Friday, July 25, 2014

Reading Hyperobjects 4: Digital Humanities Edition – High Dimensional Spaces and Descriptions

This may take awhile. After explaining my change in plan for this series I wade into phase space, complete with pictures illustrating an example of my own. What’s that got to do with the digital humanities? Easy: the search for hyperobjects. I then affirm Morton’s characterization of mathematics and conclude with a passage from Bethany Nowvitskie.


First, a change in plan

I’d planned on writing a commentary on each chapter, in order, with supplements. But the previous installment took more time than I’d expected. If that’s how things are going to go, then I don’t have time to follow through on that plan.

So, I’m skipping commentary on the “Temporal Undulation.” That means I’m not going to get to puzzle over Gaussian time and Einsteinian reference mollusks (the Wikipedia entry on Time fields in general relativity is useful here). But I’ll leave you with a two snippits.

From page 64, in his discussion of the Gaussian nature of hyperobjects: “The contemporary philosophical obsession with the monstrous provides a refreshing exit from human-scale thoughts.”

Concerning an example from the Islamic philosopher al-Razi, “Ignore the wrongness of this supposition, because it’s irrelevant” (p. 66). That’s good advice I find myself applying to Hyperobjects here and there.

Phase spaces, an example

Let’s skip to the next chapter, “Phasing,” where I want to concentrate on Morton’s definition of phase space and his account of math.

Morton defines a phase space as “the set of all possible states of a system” (p. 71). OK. But what does that mean? How do we work with such an object? How can we visualize it?

Let’s consider a system that’s somewhat smaller than earth’s weather system, the example Morton himself gives, and look at it with some care and a bit of detail.

Take a small tumbler, fill it with water, let the water settle, and then put a drop or two of ink into the water. Let the ink diffuse until it appears to be evenly dispersed throughout the volume.

Here’s a photograph of such a system at an early point in its evolution:


Think of that photograph as a description of the system, one that flattens (projects) its three spatial dimensions into two. Each pixel thus represents a relatively long and narrow volume in the 3D system with the state of that entire volume being represented by the value of that one pixel.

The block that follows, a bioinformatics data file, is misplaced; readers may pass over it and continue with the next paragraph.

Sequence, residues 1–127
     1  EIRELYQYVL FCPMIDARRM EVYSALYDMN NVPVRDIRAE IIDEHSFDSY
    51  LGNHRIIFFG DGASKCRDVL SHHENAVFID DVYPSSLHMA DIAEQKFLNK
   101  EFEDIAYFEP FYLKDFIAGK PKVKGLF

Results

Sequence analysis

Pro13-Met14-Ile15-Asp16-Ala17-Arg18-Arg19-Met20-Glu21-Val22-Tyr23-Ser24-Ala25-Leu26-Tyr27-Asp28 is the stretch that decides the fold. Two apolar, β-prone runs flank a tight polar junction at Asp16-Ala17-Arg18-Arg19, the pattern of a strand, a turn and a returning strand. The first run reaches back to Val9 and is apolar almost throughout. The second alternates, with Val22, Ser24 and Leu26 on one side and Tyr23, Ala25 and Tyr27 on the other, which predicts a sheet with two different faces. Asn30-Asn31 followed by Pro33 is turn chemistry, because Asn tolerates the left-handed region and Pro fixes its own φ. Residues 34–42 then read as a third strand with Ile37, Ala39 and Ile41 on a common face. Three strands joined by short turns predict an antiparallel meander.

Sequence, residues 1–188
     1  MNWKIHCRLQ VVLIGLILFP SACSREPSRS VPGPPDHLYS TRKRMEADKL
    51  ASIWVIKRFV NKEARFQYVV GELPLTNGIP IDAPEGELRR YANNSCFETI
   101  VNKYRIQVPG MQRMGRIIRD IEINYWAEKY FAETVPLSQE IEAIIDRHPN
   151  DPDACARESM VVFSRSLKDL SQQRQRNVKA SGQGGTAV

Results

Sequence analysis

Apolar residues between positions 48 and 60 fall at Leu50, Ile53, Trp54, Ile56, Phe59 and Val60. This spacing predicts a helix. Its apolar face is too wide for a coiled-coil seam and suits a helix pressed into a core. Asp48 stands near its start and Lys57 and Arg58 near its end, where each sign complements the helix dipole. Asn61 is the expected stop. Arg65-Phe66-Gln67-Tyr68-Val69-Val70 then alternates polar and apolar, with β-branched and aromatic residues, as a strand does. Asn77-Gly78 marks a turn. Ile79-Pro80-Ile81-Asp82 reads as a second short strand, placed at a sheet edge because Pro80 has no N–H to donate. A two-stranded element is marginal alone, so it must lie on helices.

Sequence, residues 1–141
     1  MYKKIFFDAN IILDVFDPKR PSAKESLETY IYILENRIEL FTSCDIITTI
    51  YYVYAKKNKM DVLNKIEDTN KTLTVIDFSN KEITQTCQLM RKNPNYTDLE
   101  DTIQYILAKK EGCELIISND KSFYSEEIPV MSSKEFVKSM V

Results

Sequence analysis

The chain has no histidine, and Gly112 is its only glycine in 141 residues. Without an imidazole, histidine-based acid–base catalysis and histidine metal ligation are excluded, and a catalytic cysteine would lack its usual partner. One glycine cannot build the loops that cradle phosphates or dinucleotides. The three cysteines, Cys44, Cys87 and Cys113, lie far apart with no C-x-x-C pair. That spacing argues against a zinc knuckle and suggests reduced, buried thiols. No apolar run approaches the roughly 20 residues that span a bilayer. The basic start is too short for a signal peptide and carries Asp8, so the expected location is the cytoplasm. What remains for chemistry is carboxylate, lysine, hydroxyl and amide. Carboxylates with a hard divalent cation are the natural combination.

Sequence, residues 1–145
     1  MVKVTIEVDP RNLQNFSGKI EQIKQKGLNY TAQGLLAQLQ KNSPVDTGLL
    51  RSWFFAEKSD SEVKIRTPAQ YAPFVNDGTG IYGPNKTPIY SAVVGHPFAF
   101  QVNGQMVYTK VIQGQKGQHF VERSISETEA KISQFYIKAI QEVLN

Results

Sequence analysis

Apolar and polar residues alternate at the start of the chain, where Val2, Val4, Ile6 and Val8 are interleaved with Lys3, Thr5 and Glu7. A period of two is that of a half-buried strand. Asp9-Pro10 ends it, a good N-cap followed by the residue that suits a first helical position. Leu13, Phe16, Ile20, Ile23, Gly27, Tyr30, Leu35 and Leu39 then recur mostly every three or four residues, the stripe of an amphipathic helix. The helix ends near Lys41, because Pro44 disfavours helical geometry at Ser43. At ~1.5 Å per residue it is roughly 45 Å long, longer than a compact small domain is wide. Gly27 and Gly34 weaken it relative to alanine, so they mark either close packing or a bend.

The original of this photo measures 2670 by 2003 pixels making a total of 5,348,010 pixels. Think of that as a two-dimensional measurement of the evolving system taken at an “instant” of time. We now want to create a space in which the state of that entire system can be represented by a single point. That’s our phase space.

So we create a space that has a dimension for each of those 5,348,010 pixels. That is a so-called high dimensional space, much higher than the 3D physical space through which we move in everyday life. A single point in that space then represents the state of the system at a single instant.

So, we take a photograph at each instant and plot it in the phase space. That point collectively represents the value of each pixel in the photograph. If you wish, use Morton’s metaphor of the octopus, except that this one has, not eight tentacles, but 5,348,010. The body then represents the plotted point, where all the tentacles meet.

Now, this space, with as many dimensions as it has, is still a pretty poor proxy for the real space. Each pixel is, in effect, a “smear” of billions upon billions of molecules. And we really need six dimensions for each particle, three for position and three for momentum. But this is sufficient to give some intuitive sense of complexity and of the strangeness of these conceptual objects, these phase spaces.

Let’s look at some other photos of that system as it evolved:


That’s very different from the previous photo. That state too, however rich and complex it appears in the photographic measurement, is only one point in the phase space. Likewise, the final state is but a point in the phase space:


The sequence of states a system occupies during its evolution is called its trajectory. That trajectory can be visualized by projecting it into a 3D or 2D space. In the next image I show what such a 2D projection might look like for this system:


Note that I do not in fact know what that trajectory would look like in 2D projection. I made this image purely for illustrative purposes. The nine points represent the nine photographs I took (of which I’ve shown only three here; you can see all of them in this working paper, A Primer on Self-Organization). Each represents a single microstate of the system, all zillions of dimensions. The red point is the first photograph while the blue point is the last.

The light gray line represents a WAG (wild-ass guess) about the whole trajectory. Whether or not it’s correct is irrelevant. What’s important is that there IS a trajectory and the phase space gives us a way to think about it, analyze it, and even visualize it.

Now, you were to perform this little demonstration many times, it would become evident that, no matter where the ink was dropped into the tumbler, the final state would always be the same. The different trajectories might be somewhat different in character, but the final point is always the same. That final point is called the system’s attractor.

The name is unfortunate as it suggests that there is something THERE that is ATTRACTING the system to that state, like bees to honey or iron files to a magnet. There isn’t. Nothing is attracting in that way; there’s nothing attractive about that point. It’s just that, given the internal dynamics of the system, that’s how things work out.